Some disturbing news from our masters at HEFCE, the Higher Education Funding Council for England.
Every 5-6 years, all UK higher education institutions are assessed by HEFCE in a process called the Research Excellence Framework, known to friends as the REF. Each institution has to show how good it has been in producing ground-breaking research, looking after postgraduate students who will produce the ground-breaking research of the future, and making society a better place.
To evaluate their ground-breaking-ness, each academic member of staff has to present up to four ‘outputs’ they produced in the past 5-6 years (book, article, exhibition); these are assessed by a devoted panel of fellow academics, who then grade them, between zero (work that falls that falls below the standard of nationally recognised work) and four (world-leading in terms of originality, significance and rigour). Most people have to produce four such outputs, but people who work part-time or have only just joined the university (early career researchers) are allowed to submit fewer items, given that they are (quite reasonably) assumed to have had less time than their colleagues to research, write and curate exhibits.
As it stands, the draft proposal would seem to present a seriously discouraging picture to academics, or those who may be thinking of becoming academics. The HEFCE proposal is far out of line with our friends at the ERC, who extend the window of eligibility for their Starter Grants by 18 months per child born; this is thought to reflect the level of disruption to research. It also contrasts dismally with recent efforts made elsewhere, for example to bring in more women onto UK corporate boards, see the 30% club for example. Indeed, the HEFCE proposal is difficult to reconcile with HEFCE’s own aims to “support equality and diversity in research careers” and “encourage institutions to submit all their eligible staff who have produced excellent research” with fewer than four outputs if circumstances “have significantly constrained [staff’s] ability to produce four outputs or to work productively throughout the assessment period” (paragraph 47).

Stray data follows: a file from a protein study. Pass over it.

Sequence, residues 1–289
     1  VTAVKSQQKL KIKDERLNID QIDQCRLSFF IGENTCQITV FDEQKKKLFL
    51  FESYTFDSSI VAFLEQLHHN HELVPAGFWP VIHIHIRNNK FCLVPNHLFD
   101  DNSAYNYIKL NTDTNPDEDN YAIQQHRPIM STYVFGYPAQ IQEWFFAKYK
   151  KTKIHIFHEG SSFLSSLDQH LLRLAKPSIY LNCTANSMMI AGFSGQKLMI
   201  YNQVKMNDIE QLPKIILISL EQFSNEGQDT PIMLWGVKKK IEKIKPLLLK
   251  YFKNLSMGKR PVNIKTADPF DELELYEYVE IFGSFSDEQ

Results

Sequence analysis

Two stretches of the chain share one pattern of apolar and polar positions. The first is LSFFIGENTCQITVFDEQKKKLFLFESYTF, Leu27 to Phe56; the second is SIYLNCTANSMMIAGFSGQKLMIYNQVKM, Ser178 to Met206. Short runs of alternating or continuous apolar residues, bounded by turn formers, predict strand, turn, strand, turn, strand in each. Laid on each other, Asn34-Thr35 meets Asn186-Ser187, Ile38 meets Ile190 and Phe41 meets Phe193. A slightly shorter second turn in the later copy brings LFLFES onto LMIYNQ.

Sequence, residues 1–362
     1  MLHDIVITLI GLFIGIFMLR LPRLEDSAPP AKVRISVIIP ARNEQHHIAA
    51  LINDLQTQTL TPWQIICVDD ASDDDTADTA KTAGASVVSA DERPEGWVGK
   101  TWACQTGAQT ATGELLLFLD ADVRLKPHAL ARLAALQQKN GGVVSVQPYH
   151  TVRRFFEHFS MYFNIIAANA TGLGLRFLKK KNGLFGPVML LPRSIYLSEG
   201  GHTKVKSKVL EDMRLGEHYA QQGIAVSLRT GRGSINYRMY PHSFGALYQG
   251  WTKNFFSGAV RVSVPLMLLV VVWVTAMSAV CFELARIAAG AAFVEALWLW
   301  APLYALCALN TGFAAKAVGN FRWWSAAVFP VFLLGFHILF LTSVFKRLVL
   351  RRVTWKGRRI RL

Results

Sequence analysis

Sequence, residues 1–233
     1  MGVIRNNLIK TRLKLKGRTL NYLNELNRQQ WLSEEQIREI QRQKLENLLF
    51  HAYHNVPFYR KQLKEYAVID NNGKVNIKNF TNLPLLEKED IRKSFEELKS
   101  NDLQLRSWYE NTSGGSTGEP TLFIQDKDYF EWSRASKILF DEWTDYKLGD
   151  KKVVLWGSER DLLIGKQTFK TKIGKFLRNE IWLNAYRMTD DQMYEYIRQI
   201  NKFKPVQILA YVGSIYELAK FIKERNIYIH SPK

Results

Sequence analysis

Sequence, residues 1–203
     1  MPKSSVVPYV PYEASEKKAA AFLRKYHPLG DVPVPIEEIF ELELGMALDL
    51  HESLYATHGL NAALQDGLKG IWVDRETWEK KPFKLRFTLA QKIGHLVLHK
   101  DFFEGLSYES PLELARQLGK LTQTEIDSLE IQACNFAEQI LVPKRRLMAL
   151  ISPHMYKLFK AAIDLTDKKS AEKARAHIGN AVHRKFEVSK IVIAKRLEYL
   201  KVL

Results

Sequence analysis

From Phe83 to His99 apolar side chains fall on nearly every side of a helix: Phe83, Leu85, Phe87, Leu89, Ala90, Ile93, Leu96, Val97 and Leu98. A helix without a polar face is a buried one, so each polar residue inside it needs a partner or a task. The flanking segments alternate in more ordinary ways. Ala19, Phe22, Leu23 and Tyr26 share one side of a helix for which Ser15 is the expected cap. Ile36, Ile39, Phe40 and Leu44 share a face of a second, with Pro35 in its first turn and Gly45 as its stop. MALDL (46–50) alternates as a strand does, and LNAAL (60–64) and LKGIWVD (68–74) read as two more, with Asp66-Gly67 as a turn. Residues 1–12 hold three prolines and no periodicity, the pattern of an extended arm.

The HEFCE document isn’t, however, entirely clear. It notes (paragraph 62) that an alternative approach could be adopted to take account of pregnancy and maternity: that staff who had periods of maternity leave during the REF assessment period may reduce the number of outputs by one for each discrete period of maternity leave, without penalty in the assessment. “This alternative approach is based on the view that each period of maternity leave, and any associated constraints on work, is generally sufficiently disruptive of an individual’s research work to merit the reduction of an output”. That sounds more like it.
My view is that the fairest way to take into account maternity leave would be to allow those who have taken it during the last REF cycle to submit a reduced number of inputs, in line with the reduction allowed to Early Career Researchers (reduction in inputs is in linear relation to months away from work).
Let HEFCE know what you think of the proposal and its alternative. The consultation is open until 5 October 2011.